When 'colonial'-ists gather they renew friendships, share colonial coin passions

Colonial America column from the Nov. 24, 2014, issue of Coin World
By , Special to Coin World
Published : 11/10/14
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The annual convention of the Colonial Coin Collector’s Club, held in Baltimore in conjunction with the Oct. 30 to Nov. 1 Whitman Expo, redefines what a convening of numismatists should be.

While there is a bourse, and plenty of coins are bought and sold, business is far from the focus. Friendships are central, with as much time spent visiting and talking coins as anywhere else. Show and tell is the norm, with many collectors taking a bourse table in the C4 area just to have a place to look at coins and socialize.

Even dealers get into this routine, bringing their personal collections and relishing a crowd that enables even their oddest Colonial-centric numismatic interests to find an appreciative audience.

There may not be another group that focuses so much on education and evangelization of their interests.

Joining forces with the American Numismatic Society, the C4 convention hosted an evening of presentations for the latest installment of the Stack Family Coinage of the Americas Conference, a lecture series that has covered a wide variety of topics since its founding in 1984.

This year, four speakers presented talks on the overarching topic of “Circulating Coinage of Pre-Federal America.”

Oliver Hoover of the ANS started with an excellent overview of foreign and homegrown types in his talk titled “Coins of Our Forefathers: The Circulating Money of North America before 1780.”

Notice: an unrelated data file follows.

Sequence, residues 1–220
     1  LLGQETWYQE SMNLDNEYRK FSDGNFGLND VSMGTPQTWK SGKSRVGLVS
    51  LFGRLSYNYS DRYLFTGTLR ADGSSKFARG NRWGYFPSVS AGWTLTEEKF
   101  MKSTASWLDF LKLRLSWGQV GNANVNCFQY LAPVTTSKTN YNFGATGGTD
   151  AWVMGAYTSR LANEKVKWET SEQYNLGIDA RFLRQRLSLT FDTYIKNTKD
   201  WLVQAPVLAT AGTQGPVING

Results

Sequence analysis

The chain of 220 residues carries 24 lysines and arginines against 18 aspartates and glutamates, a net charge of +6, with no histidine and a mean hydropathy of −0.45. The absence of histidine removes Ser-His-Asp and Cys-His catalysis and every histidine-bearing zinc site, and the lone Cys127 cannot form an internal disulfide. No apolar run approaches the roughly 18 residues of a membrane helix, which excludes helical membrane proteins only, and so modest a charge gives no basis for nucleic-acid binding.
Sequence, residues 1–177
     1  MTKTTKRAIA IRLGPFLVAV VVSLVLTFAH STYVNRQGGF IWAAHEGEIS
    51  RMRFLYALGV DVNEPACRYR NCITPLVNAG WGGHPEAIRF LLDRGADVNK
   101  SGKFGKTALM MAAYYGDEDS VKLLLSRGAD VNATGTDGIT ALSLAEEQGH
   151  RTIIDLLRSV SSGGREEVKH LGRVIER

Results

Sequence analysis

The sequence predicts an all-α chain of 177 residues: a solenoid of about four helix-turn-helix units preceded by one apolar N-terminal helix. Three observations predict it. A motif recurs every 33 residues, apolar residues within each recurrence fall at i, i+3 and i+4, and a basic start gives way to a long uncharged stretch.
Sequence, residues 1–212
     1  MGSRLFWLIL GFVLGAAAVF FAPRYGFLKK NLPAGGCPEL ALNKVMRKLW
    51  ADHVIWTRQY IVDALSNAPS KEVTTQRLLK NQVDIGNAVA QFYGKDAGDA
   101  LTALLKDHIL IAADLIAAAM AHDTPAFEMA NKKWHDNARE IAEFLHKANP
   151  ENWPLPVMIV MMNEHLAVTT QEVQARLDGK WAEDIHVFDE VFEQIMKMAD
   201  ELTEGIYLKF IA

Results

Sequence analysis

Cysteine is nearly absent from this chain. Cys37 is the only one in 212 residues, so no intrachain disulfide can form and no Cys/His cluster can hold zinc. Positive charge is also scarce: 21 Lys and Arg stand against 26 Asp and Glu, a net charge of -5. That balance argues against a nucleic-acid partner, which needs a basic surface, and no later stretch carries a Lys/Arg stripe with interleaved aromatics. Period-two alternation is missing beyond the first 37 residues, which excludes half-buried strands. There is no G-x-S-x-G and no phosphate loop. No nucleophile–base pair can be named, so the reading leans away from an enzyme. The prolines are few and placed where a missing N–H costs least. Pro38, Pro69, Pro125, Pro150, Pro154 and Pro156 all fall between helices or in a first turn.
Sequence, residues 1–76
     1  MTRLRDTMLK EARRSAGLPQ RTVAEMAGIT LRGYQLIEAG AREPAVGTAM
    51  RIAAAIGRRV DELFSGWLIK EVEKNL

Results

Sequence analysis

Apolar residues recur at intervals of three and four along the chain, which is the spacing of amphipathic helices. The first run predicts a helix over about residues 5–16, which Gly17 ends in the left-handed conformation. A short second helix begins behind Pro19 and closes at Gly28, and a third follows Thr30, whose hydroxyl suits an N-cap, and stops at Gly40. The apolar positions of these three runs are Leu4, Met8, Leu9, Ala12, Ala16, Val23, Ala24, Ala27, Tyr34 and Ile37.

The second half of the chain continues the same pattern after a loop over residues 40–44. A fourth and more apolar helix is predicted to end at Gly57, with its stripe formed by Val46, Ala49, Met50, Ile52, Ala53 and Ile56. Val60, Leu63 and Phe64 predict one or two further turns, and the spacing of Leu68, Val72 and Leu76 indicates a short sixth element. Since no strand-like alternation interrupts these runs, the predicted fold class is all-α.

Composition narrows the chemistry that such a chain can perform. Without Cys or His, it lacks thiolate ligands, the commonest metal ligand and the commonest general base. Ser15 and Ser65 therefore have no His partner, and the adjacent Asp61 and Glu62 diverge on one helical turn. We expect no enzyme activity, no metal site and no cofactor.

Chris Salmon, the author of The Silver Coins of Massachusetts, explained and illustrated the physical evidence behind the production techniques of the four major types of Massachusetts silver coins in “The Silver Coins of Massachusetts: Evolution of Minting Techniques.”

Jack Howes covered the myths, legends, and truth behind Thomas Machin in his well-researched “The Man and His Coinage.”

I got to dig into my personal collection and research files to explain the evidence behind how we know what circulated in early America in “World Coins That Circulated in Early America: Sources and Methods.”

A Friday night auction session of hundreds of Colonial coins by Stack’s Bowers Galleries and a Saturday afternoon auction of Colonial-focused numismatic literature by Kolbe and Fanning followed, giving attendees plenty of opportunity to find a prize to take home, whether they were looking for New Jersey coppers or the rare Chapman catalogs that depicted them a century ago.

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